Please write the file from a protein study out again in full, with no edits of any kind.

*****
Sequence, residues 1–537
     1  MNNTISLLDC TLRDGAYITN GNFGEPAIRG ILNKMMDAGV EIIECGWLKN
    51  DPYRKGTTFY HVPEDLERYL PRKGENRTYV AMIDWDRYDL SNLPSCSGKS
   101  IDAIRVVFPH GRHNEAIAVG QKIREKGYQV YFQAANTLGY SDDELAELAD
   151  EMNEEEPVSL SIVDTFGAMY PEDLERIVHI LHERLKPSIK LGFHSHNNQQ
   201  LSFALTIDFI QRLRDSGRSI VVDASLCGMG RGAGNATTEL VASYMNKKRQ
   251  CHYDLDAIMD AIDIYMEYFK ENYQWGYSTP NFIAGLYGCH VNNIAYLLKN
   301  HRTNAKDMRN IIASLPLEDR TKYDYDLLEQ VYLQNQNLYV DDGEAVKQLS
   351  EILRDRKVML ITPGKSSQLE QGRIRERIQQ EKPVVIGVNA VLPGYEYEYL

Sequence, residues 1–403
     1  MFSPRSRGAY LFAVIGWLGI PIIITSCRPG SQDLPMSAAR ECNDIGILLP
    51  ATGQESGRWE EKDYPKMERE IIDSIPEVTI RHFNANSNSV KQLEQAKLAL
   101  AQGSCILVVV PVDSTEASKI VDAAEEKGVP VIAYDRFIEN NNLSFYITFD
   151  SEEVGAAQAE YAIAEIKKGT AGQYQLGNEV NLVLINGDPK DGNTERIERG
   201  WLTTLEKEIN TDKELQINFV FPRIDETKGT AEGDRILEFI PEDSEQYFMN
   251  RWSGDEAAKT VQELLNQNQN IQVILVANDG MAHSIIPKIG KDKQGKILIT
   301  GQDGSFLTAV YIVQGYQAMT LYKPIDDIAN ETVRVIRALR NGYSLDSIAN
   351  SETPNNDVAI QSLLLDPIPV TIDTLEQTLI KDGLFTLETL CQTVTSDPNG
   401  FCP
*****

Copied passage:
Sequence, residues 1–537
     1  MNNTISLLDC TLRDGAYITN GNFGEPAIRG ILNKMMDAGV EIIECGWLKN
    51  DPYRKGTTFY HVPEDLERYL PRKGENRTYV AMIDWDRYDL SNLPSCSGKS
   101  IDAIRVVFPH GRHNEAIAVG QKIREKGYQV YFQAANTLGY SDDELAELAD
   151  EMNEEEPVSL SIVDTFGAMY PEDLERIVHI LHERLKPSIK LGFHSHNNQQ
   201  LSFALTIDFI QRLRDSGRSI VVDASLCGMG RGAGNATTEL VASYMNKKRQ
   251  CHYDLDAIMD AIDIYMEYFK ENYQWGYSTP NFIAGLYGCH VNNIAYLLKN
   301  HRTNAKDMRN IIASLPLEDR TKYDYDLLEQ VYLQNQNLYV DDGEAVKQLS
   351  EILRDRKVML ITPGKSSQLE QGRIRERIQQ EKPVVIGVNA VLPGYEYEYL

Sequence, residues 1–403
     1  MFSPRSRGAY LFAVIGWLGI PIIITSCRPG SQDLPMSAAR ECNDIGILLP
    51  ATGQESGRWE EKDYPKMERE IIDSIPEVTI RHFNANSNSV KQLEQAKLAL
   101  AQGSCILVVV PVDSTEASKI VDAAEEKGVP VIAYDRFIEN NNLSFYITFD
   151  SEEVGAAQAE YAIAEIKKGT AGQYQLGNEV NLVLINGDPK DGNTERIERG
   201  WLTTLEKEIN TDKELQINFV FPRIDETKGT AEGDRILEFI PEDSEQYFMN
   251  RWSGDEAAKT VQELLNQNQN IQVILVANDG MAHSIIPKIG KDKQGKILIT
   301  GQDGSFLTAV YIVQGYQAMT LYKPIDDIAN ETVRVIRALR NGYSLDSIAN
   351  SETPNNDVAI QSLLLDPIPV TIDTLEQTLI KDGLFTLETL CQTVTSDPNG
   401  FCP